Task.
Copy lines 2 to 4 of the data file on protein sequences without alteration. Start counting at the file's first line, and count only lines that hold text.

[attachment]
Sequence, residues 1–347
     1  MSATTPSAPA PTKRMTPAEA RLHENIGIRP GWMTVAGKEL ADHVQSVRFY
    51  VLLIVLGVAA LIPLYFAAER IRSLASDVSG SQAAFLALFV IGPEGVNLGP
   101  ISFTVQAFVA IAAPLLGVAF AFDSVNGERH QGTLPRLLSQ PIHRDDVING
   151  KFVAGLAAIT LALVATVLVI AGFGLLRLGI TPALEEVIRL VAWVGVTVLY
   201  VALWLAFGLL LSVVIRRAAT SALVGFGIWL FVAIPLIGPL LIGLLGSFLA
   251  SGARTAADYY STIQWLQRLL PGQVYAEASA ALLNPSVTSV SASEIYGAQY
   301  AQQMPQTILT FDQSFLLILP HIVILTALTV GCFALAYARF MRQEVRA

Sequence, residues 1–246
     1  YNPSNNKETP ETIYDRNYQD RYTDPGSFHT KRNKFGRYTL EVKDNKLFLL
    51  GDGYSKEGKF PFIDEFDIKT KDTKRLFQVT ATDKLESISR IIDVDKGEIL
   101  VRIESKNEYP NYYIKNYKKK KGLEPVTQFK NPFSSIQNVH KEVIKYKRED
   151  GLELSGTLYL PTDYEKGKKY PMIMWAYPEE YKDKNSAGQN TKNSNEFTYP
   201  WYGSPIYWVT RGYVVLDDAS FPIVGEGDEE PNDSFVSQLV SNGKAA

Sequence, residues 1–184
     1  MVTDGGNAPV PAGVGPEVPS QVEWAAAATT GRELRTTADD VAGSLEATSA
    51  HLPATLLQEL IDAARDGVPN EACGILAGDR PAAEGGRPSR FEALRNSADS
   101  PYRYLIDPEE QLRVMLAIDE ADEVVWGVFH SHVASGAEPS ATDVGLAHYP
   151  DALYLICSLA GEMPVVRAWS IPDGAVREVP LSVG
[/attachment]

     1  MSATTPSAPA PTKRMTPAEA RLHENIGIRP GWMTVAGKEL ADHVQSVRFY
    51  VLLIVLGVAA LIPLYFAAER IRSLASDVSG SQAAFLALFV IGPEGVNLGP
   101  ISFTVQAFVA IAAPLLGVAF AFDSVNGERH QGTLPRLLSQ PIHRDDVING